Tags: A new type of Kuiper Belt Object (KBO) called "Blue Binaries", CFHT - Canada France Hawaii Telescope, , New clues about the early evolution of the Solar System revealed with simultaneous observations on Maunakea, OSSOS (Col-OSSOS) program   

    From CFHT: “New clues about the early evolution of the Solar System revealed with simultaneous observations on Maunakea.” 

    CFHT icon
    Canada France Hawaii Telescope

    4/04/2017 [Just found in social media]
    Media contact
    Mary Beth Laychak
    Outreach Manager
    Canada-France-Hawaii Telescope
    +1 808 885 3121
    mary@cfht.hawaii.edu

    Peter Michaud
    Public Information and Outreach Manager
    Gemini Observatory
    Hilo, Hawai‘i
    Email: pmichaud”at”gemini.edu
    Desk: 808 974-2510
    Cell: 808 936-6643

    Science contacts:

    Wes Fraser
    Col-OSSOS principle investigator
    Queen’s University Belfast.
    Belfast, UK

    Michele Bannister
    Col-OSSOS collaborator, OSSOS Core member
    Queen’s University, Belfast
    Belfast UK
    +44 074 555 471 79
    m.bannister@qub.ac.uk

    JJ Kavelaars
    Col-OSSOS collaborator, OSSOS Co-PI
    NRC Herzberg Astronomy and Astrophysics
    Victoria, BC, Canada
    +1 778 677 3131
    jjk@uvic.ca

    Meg Schwamb
    Col-OSSOS collaborator
    Gemini North
    Hilo, Hawaii
    +1 808 974 2593 (office), +1 808 315 8014 (home)
    mschwamb@gemini.edu

    Todd Burdullis
    QSO specialist, Col-OSSOS collaborator
    CFHT
    Waimea, Hawaii
    +1 808 885 3170

    An international team of astronomers led by Wes Fraser of Queen’s University in Belfast used CFHT and Gemini simultaneously to discover a new type of Kuiper Belt Object (KBO) called “Blue Binaries”. The wide separation and color of these cold classical Kuiper Belt objects are providing important clues on the early evolution of the solar system. Their findings are published in the April 4 edition of Nature Astronomy.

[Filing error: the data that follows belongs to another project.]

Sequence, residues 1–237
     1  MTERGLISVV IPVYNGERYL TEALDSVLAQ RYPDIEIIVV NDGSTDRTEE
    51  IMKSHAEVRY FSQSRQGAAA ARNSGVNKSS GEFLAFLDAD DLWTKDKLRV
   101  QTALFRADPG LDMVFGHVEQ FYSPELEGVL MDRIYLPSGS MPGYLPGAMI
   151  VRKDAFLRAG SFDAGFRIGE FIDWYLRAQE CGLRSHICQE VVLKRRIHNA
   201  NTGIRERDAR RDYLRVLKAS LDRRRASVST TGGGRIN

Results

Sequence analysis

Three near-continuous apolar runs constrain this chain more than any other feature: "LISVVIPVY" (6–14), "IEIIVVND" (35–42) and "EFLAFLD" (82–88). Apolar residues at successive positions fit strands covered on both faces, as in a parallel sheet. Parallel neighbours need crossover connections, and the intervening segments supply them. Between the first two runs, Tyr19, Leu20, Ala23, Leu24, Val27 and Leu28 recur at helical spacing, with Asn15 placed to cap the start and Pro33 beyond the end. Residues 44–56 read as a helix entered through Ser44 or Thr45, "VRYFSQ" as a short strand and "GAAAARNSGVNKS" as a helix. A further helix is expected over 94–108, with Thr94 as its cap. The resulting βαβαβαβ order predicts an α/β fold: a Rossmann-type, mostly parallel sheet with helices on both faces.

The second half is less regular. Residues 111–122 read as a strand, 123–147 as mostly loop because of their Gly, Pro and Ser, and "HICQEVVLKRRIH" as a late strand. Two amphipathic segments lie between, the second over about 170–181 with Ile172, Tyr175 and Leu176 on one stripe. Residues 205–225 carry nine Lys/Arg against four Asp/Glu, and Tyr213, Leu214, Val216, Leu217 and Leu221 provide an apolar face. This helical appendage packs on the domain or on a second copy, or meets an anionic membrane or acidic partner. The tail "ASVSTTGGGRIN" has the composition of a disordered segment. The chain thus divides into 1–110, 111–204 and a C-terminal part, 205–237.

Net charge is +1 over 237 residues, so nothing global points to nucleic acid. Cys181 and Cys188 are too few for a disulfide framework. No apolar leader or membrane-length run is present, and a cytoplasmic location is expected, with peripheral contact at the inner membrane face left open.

Gemini/North telescope at Maunakea, Hawaii, USA,4,207 m (13,802 ft) above sea level

    CFHT, at Maunakea, Hawaii, USA,4,207 m (13,802 ft) above sea level

    Simultaneous observing on Maunakea. Both telescope are pointing at the same object at the same time. Coordinating observations like this between two major observatories is quite a challenge but provides big returns. Credit: Gemini Observatory/AURA, photo by Joy Pollard.

    The Kuiper Belt is a circumstellar disk in the outer Solar System extending from beyond the orbit of Neptune to about 50 AU from the Sun. The dynamical structure of the classical Kuiper Belt is divided in two components. The hot component is made of objects with eccentric and highly inclined orbits. They have a broad range of colors and about 10% of them are binaries. On the other hand, the cold component consist of objects with nearly circular orbits and low inclination. Their colors are typically red and have a higher occurrence of binaries, about 30%.

    In February 2013, CFHT started the Outer Solar System Origins Survey (OSSOS), a Large Program that was awarded 560 hours of observing time over 4 years to find and track objects in the outer Solar System using Megaprime. OSSOS was completed in January 2017 and was highly successful, discovering nearly 1000 Trans Neptunian Objects that inhabit the outer Solar system.

    The Colors of OSSOS (Col-OSSOS) program aimed to measure the colors of the cold classical Kuiper belt objects found by the OSSOS program. The team used CFHT and Gemini to gather colors from the ultraviolet to the infrared. The need for simultaneous observations came from the fact that these bodies rotate reasonably fast, on the order of one to a few hours so sychronous observations are important to ensure the team observed the same position at the same time in different colors. “Facilitating the simultaneous observations with the Col-OSSOS team and Gemini Observatory was challenging, but paved the way for a greater understanding of the origins of these blue binaries. In tandem, the two facilities observed all the colors of the outer solar system for the Col-OSSOS team” said Todd Burdullis, queued service observing operations specialist at CFHT who was in charge the CFHT observations and a coauthor of the study. Dr. Meg Schwamb, an astronomer at the Gemini Observatory and also a coauthor on the paper added: “Like synchronized swimmers, Gemini North and the Canada-France-Hawaii telescopes coordinated their movements to observe the Col-OSSOS Kuiper belt objects at nearly the same time. This created a unique dataset that the planetesimals’ brightness changes as they rotate, and led to this discovery.”